#1
This is for chemistry extra credit and i need to put one mole of water into a snowglobe
I know h2o has a molar mass of around 18g/mol but i forgot where to go from there
#4
go from mL to grams to mols. I think. You might have to do molarity. I can't remember. Maybe the 22.4 L / 1 mole thing.

I just learned this a few months ago
#5
Quote by freedoms_stain
I'm pretty sure with water 1g = 1ml.

ya thats what i thought. I think its 18 ml but im not sure
#6
Quote by RedDeath9
go from mL to grams to mols. I think. You might have to do molarity. I can't remember. Maybe the 22.4 L / 1 mole thing.

I just learned this a few months ago


Lol, that's for gasses at 25 degrees celsius.
#7
Quote by hendrixrocker2
This is for chemistry extra credit and i need to put one mole of water into a snowglobe
I know h2o has a molar mass of around 18g/mol but i forgot where to go from there


ur doing this mole **** too, eh?

I think its ****ing useless. who would ACTUALLY ****ING SIT THERE AND COUNT OVER 60200000000000000000000000000 ATOMS AND NAME IT A MOLE?!

Disgusting.
#8
H = 2(1)
O = 1(16)

#mol=(18ml*1mol)/18ml=1mol

I think.

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#9
EDIT: Nevermind
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#10
Water has a density of 1g/ml so 18 g is 18 ml problem solved

^That's not how moles work by the way, 1 mole of H2O is 1 mole of H20 not 2 moles of hydrogen and one of oxygen, there's 2 hydrogen atoms and 1 oxygen atom.
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#11
EDIT: Nevermind
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#12
Quote by The Picker
(1 mL H20) x (1 g/mL) x (18.02 mol/g) = 18.02 mol in 1 mL of H20

Do you know how to do molar masses? This would make it very much easier.


Wow just wow that was so wrong I won't even go into it

edit: Ok I won't be a dick about it, it's 18.02g/mol not 18.02mol/g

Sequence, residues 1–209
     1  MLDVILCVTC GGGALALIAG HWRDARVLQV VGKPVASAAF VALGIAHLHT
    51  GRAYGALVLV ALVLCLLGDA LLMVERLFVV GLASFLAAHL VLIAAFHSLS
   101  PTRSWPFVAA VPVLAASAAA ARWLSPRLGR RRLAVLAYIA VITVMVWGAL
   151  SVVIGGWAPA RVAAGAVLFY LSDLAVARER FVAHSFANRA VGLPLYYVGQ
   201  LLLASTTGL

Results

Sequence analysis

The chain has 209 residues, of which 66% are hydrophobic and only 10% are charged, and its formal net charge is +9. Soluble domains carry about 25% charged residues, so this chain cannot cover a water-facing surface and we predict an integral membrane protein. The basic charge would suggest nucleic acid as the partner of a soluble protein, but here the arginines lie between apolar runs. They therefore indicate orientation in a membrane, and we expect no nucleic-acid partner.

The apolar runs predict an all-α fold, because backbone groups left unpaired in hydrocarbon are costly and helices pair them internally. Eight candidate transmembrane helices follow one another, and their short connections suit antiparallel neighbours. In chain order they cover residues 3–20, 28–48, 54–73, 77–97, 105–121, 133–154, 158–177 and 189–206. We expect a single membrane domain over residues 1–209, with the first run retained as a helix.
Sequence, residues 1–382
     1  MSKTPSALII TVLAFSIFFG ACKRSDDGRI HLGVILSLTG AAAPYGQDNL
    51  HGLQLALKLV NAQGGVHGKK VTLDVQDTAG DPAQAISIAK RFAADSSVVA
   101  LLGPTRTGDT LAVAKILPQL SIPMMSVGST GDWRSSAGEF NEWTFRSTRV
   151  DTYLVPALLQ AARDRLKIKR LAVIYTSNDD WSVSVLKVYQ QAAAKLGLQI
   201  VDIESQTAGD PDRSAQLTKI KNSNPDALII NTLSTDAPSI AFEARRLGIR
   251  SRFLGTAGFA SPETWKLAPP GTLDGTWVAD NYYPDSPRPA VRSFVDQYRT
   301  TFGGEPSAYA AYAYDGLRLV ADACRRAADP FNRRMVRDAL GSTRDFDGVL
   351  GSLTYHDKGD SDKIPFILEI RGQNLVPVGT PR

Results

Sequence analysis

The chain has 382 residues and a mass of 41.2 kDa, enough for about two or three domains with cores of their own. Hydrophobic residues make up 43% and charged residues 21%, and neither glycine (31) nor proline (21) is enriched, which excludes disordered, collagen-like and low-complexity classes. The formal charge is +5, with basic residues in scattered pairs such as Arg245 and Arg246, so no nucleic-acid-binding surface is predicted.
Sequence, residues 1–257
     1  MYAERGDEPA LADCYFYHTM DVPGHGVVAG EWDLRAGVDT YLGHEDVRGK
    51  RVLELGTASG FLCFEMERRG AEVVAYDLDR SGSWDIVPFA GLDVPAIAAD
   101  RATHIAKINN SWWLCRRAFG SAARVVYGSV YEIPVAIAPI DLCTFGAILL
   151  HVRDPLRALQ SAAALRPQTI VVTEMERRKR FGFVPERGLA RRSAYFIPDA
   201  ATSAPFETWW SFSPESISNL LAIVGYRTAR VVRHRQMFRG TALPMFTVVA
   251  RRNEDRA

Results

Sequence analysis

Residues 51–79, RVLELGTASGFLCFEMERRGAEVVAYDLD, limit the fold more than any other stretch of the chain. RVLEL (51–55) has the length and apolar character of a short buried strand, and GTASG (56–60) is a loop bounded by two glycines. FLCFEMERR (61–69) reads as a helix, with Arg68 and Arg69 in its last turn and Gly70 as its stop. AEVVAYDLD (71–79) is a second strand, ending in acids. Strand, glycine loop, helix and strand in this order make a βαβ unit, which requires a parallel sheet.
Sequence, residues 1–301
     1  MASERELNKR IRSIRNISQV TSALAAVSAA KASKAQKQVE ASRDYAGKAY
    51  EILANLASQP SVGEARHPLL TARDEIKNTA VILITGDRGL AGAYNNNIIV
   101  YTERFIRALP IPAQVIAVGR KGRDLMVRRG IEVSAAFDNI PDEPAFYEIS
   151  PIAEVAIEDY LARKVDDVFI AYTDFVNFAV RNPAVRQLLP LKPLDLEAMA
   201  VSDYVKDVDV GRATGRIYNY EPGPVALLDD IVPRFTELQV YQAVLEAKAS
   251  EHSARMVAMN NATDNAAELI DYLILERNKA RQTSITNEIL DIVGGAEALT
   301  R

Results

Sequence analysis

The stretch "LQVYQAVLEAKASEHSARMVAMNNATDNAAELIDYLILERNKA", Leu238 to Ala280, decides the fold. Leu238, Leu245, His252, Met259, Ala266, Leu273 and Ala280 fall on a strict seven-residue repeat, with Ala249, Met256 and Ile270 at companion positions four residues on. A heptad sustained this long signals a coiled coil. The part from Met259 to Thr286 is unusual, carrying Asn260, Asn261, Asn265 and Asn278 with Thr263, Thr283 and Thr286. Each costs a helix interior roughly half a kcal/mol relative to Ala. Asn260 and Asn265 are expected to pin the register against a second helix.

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#13
the answer is 18mL of water

1mol x 18g x 1mL = 18mL HOH
~1 ~~~1mol ~~1g


mol cancels with mol, grams with grams, leave it in mL
#14
He's asking about how many grams are in 1 mol of water!

Add the molar mass of Hydrogen*2 to the Molar mass of Oxygen.

1.001*2+16.00= 18.00 ml/mol
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#15
EDIT: Nevermind
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#16
actually 1 mol H20 has a mass of 18.02 g just in case your teacher is really specific.
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#18
Quote by lemon

That's not how moles work by the way, 1 mole of H2O is 1 mole of H20 not 2 moles of hydrogen and one of oxygen, there's 2 hydrogen atoms and 1 oxygen atom.



1 mol of H2O does in fact have 1 mol of oxygen atoms and 2 mol of hydrogen atoms.
#21
1ml of water is 1 g.

moles = mass/ Molar mass

molar mass = 18 g/mol -> (H = 1 (multiply it by two because theres two H atoms) O = 16)

moles = 1

rearrange to get: mass = Molar Mass * moles

substitute: mass = 18 * 1

Mass = 18 grams!
#23
Obviously a million. Millilitre. Million.

No, I didn't read the thread, and I skimmed TS's post.
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#24
Quote by lemon

^That's not how moles work by the way, 1 mole of H2O is 1 mole of H20 not 2 moles of hydrogen and one of oxygen, there's 2 hydrogen atoms and 1 oxygen atom.


Yes that IS how moles work.
1 mole is a fixed number, there is no definite weight to a mole.

People use moles to increase magnitude to make computations and experiments easier. So anything that applys in the atomic level is in theory directly related to anything in the molar level.

So if you want to yield one H2O molecule, you require two atoms of Hydrogen and one atom of Oxygen. However making one molecule is near impossible, so it's much easier to increase the volume and work with moles instead.

One O atom is 16.000 amu, and one H is 1.008 amu. So one molecule of H20 would be 18.016 amu.

Now because atomic mass and molar mass are similarly proportional, one mole of O is 16.000 g, and one mole of H is 1.008 g. This yields 18.016 g per mole.

So because atomic mass and molar mass are the same in terms of numbers, this also means that the proportions must be the same as well. That means that for one mole of H2O, in actuality you require 3 moles of reactant: 2 moles of H, 1 mole of O to create one mole of H2O
#26
Quote by CaptainRon
Actually its for gases at STP (Standard Temperature and Pressure) which is 273.15K and 101.325kPa.


At STP water would be frozen.
273.15 K is 0C, I'm pretty sure the 1g/1mL for water conversion was made at 4 degrees celcius. Don't quote me for that, I've also heard it true for 25C as well. But either way at a pressure of 1 atm, and a temperature where water doesn't evaporate or freeze the 1g/1mL conversion remains valid.

edit: This is true only for pure water.